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New-York Committee of Safety to the President of Congress



In Committee of Safety for the State of New-York,

Fishkill, November 20, 1776.

SIR: I have the honour to enclose you resolutions of the Committee of Safety, respecting the more effectual obstruction of Hudson river. No object appears to them of more importance, when they consider either the safety of this State, the supply of the Continental Army, or the preservation of the communication between the Southern and Eastern States. Experience has evinced that if the navigation had been rendered impassable opposite to Fort Washington, it must have been attended with infinite advantage; among which, even the security of the garrison, and military stores at that fort is not the most considerable; indeed, it is no presumption to suppose that after the fruitless attempt of the British Army to penetrate the country through the White-Plains, they must have closed the campaign, at least in this quarter, with disappointment and disgrace. Their success in reducing the fort revived their spirits; and the evacuation of Fort Lee in consequence of it opened a passage for them into the defenceless parts of New-Jersey.

In projecting the obstruction between Anthony' s Nose, on the eastern shore, and Fort Montgomery, we endeavoured to avail ourselves of the model of that which had proved effectual in the river Delaware, and were assisted by the advice and experience of Captain Hazelwood. But the great length of the chain, being upwards of eighteen hundred feet, the bulk of the logs which were necessary to support it, the immense weight of water which it accumulated, and the rapidity of the tide, having baffled all our efforts, it separated twice after holding only a few hours; and we have too much reason to despair of its ever fully answering the important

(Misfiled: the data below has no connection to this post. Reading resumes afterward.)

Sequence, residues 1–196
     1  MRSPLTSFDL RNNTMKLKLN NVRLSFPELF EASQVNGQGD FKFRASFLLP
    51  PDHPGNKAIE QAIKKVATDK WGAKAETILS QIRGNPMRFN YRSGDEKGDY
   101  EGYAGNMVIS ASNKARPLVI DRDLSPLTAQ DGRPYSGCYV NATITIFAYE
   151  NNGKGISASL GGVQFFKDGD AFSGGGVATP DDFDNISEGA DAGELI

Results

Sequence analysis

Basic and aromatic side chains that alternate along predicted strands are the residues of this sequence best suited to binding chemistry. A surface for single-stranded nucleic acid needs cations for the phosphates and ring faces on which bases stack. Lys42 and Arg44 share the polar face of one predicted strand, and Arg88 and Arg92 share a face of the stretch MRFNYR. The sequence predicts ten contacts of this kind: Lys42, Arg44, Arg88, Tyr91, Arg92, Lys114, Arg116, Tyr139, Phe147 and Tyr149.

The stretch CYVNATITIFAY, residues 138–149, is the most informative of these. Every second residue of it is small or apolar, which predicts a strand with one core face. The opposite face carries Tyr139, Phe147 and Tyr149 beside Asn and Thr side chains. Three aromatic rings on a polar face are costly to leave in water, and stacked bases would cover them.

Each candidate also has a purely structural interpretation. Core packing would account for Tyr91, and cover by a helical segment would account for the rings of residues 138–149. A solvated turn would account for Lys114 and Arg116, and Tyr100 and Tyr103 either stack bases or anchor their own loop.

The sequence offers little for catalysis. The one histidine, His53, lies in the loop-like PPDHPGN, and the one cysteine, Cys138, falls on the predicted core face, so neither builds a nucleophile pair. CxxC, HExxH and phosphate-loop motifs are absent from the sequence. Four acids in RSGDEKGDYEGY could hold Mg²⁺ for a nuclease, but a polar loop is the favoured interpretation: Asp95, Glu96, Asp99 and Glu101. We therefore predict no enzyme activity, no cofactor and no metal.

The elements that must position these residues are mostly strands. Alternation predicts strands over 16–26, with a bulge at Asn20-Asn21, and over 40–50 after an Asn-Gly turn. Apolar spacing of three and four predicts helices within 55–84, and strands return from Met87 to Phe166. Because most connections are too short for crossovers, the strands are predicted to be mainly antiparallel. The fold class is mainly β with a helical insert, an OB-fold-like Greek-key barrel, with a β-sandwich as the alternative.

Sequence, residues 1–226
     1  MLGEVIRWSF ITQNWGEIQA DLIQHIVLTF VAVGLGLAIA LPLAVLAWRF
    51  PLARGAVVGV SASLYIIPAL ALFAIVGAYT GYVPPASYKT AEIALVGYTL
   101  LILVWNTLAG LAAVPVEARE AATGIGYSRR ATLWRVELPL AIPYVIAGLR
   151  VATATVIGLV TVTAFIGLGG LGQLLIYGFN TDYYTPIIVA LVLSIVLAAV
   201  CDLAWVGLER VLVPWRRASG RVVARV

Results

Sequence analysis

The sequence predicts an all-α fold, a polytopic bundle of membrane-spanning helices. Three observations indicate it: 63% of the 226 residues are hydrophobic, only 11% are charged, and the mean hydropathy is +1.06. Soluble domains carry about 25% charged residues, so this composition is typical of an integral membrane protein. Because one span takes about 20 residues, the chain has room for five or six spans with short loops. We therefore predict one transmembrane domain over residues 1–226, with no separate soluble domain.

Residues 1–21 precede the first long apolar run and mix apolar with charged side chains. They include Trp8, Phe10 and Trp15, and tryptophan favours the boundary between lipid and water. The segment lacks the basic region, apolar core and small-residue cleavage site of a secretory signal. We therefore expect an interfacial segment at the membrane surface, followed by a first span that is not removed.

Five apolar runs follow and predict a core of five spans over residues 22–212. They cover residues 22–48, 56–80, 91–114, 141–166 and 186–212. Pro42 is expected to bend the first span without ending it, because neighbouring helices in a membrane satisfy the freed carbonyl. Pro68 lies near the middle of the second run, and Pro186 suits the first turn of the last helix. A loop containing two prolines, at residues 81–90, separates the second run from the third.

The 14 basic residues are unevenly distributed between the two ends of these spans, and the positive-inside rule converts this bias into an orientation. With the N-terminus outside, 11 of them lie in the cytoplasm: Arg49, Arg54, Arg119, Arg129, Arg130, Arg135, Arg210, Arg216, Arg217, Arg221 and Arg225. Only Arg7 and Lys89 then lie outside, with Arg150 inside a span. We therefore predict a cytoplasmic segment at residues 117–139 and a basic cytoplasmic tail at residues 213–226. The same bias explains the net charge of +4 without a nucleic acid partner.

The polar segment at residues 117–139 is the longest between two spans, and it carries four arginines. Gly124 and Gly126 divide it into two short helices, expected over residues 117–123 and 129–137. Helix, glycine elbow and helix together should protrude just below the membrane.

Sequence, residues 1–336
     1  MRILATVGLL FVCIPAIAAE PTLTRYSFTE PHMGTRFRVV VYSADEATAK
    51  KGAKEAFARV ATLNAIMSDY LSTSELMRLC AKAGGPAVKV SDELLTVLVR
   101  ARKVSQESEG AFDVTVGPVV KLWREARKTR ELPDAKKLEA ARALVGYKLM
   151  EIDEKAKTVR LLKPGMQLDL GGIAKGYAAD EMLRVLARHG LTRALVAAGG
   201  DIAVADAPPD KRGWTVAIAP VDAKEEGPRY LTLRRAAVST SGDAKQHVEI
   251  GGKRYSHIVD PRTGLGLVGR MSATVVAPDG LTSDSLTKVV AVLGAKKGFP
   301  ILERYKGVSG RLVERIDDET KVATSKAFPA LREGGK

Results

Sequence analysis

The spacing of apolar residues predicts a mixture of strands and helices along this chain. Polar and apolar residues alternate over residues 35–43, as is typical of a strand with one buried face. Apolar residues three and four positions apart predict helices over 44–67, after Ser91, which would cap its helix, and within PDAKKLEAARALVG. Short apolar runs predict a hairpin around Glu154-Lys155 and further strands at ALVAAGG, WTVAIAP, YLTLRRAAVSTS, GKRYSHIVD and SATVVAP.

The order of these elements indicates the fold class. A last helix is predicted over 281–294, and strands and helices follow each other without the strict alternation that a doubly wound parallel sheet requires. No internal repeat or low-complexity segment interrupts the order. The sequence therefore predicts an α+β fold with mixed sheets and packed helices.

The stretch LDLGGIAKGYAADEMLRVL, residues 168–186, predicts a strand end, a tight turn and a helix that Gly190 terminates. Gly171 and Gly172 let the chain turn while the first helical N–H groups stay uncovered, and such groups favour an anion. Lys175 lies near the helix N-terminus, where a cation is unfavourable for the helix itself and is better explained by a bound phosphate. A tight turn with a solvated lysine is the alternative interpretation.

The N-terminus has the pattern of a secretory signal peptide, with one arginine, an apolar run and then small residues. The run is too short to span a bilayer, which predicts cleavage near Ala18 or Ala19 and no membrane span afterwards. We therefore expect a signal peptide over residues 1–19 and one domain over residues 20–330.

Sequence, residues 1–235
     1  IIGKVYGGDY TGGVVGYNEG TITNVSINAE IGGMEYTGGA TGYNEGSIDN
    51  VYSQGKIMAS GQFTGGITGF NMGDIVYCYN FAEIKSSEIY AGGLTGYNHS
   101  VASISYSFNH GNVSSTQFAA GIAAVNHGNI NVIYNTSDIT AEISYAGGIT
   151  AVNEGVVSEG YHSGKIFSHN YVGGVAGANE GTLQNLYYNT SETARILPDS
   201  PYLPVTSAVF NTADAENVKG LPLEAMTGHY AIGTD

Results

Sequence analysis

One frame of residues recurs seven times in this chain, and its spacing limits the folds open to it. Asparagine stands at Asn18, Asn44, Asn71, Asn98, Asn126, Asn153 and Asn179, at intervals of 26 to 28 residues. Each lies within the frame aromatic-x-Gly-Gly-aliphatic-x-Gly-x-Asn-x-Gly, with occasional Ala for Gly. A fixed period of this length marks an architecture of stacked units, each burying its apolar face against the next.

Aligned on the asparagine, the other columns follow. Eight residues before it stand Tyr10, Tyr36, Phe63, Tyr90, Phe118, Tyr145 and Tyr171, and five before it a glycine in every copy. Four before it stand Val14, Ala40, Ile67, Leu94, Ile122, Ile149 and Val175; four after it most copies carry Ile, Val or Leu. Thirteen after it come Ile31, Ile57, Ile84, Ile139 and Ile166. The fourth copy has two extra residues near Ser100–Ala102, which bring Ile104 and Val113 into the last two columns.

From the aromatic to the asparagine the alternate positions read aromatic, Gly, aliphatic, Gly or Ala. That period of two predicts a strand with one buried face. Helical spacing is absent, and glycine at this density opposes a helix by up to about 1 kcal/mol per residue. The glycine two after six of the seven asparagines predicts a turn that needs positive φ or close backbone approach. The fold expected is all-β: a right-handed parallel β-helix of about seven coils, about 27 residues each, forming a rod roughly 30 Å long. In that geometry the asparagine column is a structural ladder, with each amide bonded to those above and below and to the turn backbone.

purpose for which it was constructed. A like disappointment, we are informed, happened at Portsmouth; the chain intended to obstruct the navigation of that harbour proved equally ineffectual.

These considerations have induced us to explore the depth of the river throughout the Highlands, in which a Committee of Convention have been assisted by General George Clinton. The distance and depth of water at the north entrance, which, on this experiment, is found to be the fittest place, will be seen by the enclosed plan. It is proposed, with the approbation of the honourable Congress, to obstruct the navigation in this part by caissons, which it is conceived will be very practicable. The Convention wish on account of General Washington' s distance from this place, and the multiplicity of business with which he is encumbered, that the direction of this work may be committed to Major-General Schuyler, who we believe every way qualified to ensure its success. Timber and stone can be conveniently procured; and when the campaign terminates, the troops cantoned in this part of the country may be employed in rotation to assist in the work. But no time is to be lost in preparing the materials, and we shall wait with anxiety for the determination of the honourable Congress on a subject which, in the opinion of the Committee, is of the utmost moment to the United States, If the enemy persevere in their plan of subjugating these States to the yoke of Great Britain, they must, in proportion to their knowledge of the country, be more and more convinced of the necessity of their becoming masters of Hudson' s river; which will give them the entire command of the water communication with the Indian nations, effectually prevent all intercourse between the Eastern and Southern Confederates, divide our strength, and enfeeble every effort for our common preservation and security. That this was their original plan, and that General Carleton and General Howe flattered themselves with the delusive hopes of uniting their forces at Albany, every intelligence confirms; and it appears to the Committee that they will not give up this grand object until they shall finally relinquish the project of enslaving America. The Committee take the liberty to submit these reflections to the honourable Congress. If they are well founded, an early and vigorous preparation to oppose the progress of the enemy in this quarter must be indispensable, and the defence and security of Hudson' s river, the principal object of that preparation.